As tampon company co-founders, we’ve spent a majority of the last few years talking to women about their periods and often get around to talking about their first period story. Where were you? Who was there? How did it go? And we’ve heard it all: Mom or Dad, home or camp, it was wild and weird.
The reality is, you can’t control where you are or who you’re with when you get your first period. So, dads need to be equally equipped as moms to talk about this topic because it’s just as likely that they’ll be the ones on the receiving end of first-timer questions. To celebrate Father’s Day this year, we’re doing what any good tampon company founders would do — we’re giving dads all the answers they need to make sure their daughter’s first period is as good as it can be.
So far, you’ve been there for all the big moments in your daughter’s life: you hosted tea parties to celebrate the birthday of her favorite stuffed animal, you held her steady the day you took the training wheels off her bike, you saw every school play, and lost your voice from cheering the loudest and proudest at her soccer games. But now her period is just around the corner, and you’ve decided that’s Mom’s territory.
Not so fast. How you deal with your daughter’s period is a critical moment in your relationship with your daughter and can influence her comfort with her own development in the future. Here are our top 5 tips to ensure you’re all adequately prepared and know exactly what to do when the big day arrives:
1. Start the conversation! She will feel just as awkward as you do about this chat — but lead by example! Let her know that you’re comfortable with the changes she will be experiencing and that it’s completely natural. Practice saying what you want to say out loud, and really enthusiastically (she needs to believe that you truly see this as an important milestone, so get the positive energy flowing). Also, come prepared with the right vocabulary so you don’t say “flower” instead of “vagina.” (More on this below.) Your ability to comfortably broach the topic first will set the stage for open, honest dialogue.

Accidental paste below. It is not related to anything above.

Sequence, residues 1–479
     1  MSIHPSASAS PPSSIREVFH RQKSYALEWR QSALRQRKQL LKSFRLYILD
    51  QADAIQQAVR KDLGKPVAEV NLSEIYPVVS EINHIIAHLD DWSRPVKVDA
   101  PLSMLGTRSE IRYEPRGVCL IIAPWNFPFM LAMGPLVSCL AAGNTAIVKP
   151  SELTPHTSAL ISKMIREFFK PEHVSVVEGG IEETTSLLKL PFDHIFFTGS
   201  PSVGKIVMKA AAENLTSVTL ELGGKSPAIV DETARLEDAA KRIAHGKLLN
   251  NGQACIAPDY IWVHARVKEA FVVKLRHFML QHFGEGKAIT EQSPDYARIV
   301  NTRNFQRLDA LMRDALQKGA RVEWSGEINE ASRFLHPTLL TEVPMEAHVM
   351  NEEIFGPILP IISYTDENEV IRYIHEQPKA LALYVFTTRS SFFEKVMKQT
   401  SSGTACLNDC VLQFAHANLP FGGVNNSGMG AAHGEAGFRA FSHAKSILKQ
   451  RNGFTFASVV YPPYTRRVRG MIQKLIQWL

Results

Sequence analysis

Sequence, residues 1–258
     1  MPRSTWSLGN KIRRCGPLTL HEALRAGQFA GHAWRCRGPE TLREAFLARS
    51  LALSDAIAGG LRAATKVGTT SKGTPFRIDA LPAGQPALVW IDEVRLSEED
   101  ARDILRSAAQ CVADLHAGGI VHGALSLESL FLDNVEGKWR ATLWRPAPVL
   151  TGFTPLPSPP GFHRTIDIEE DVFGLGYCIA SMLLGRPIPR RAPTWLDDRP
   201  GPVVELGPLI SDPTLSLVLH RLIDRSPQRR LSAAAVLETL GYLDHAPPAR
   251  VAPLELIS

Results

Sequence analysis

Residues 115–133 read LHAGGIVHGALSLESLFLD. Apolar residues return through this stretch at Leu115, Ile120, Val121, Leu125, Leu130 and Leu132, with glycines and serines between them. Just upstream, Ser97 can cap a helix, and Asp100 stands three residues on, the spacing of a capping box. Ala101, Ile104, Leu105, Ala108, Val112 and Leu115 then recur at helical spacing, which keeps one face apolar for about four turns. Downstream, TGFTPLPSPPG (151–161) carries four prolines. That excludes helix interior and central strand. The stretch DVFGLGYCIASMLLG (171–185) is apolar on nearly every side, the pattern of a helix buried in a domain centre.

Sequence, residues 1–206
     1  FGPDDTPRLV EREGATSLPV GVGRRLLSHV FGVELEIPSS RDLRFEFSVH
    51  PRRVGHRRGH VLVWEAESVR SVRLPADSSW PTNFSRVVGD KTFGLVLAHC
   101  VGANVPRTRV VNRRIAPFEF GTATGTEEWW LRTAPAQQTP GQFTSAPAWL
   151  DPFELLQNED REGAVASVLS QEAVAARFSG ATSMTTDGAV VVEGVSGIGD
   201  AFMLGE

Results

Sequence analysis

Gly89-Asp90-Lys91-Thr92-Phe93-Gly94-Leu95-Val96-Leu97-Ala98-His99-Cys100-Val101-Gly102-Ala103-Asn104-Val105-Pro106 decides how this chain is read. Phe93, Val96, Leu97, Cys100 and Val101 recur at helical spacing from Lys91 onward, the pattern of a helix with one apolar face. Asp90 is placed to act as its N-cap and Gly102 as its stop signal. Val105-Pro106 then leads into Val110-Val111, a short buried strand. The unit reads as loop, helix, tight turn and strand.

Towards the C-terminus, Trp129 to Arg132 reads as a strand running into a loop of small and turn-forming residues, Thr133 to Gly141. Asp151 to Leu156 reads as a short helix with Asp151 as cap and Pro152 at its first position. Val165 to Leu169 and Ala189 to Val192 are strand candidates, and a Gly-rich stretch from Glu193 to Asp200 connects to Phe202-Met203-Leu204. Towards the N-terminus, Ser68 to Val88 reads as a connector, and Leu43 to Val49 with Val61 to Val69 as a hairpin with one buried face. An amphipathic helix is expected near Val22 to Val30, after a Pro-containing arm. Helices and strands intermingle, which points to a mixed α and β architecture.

2. Be prepared. You might be there when she gets her period for the first time. This is what to do (and what not to do):
WHAT TO DO: Give her an enormous hug! Ask her what she needs from the drugstore and assure her that you’re headed there right now. (More on what to buy below.)
WHAT NOT TO DO: Run screaming from the room. Tell her you’re sorry. Say, “Eww! Go tell your mother!” Tear up. Throw up. Lock her in her room so she won’t get knocked up.
3. Know the lingo. Oh, the words you’ll need to master! Here is your glossary of words and phrases commonly associated with your daughter’s period:
Menstruation: The monthly process where a woman’s uterus sheds its lining that has been building up to prepare for a fertilized egg.
Period: A very common word for menstruation.
Vagina: Vagina (duh). There are certainly a lot of other words for vagina, but we prefer to stick to this one so your daughter is comfortable calling it what it is.
Pads: Commonly a starter period product. This is a strip of absorbent material with an adhesive backing that sticks to underwear and absorbs blood during your daughter’s period. Get the ones with wings. She’ll need to change her pad every 4 – 5 hours OR you can also get extra absorbent pads for overnight.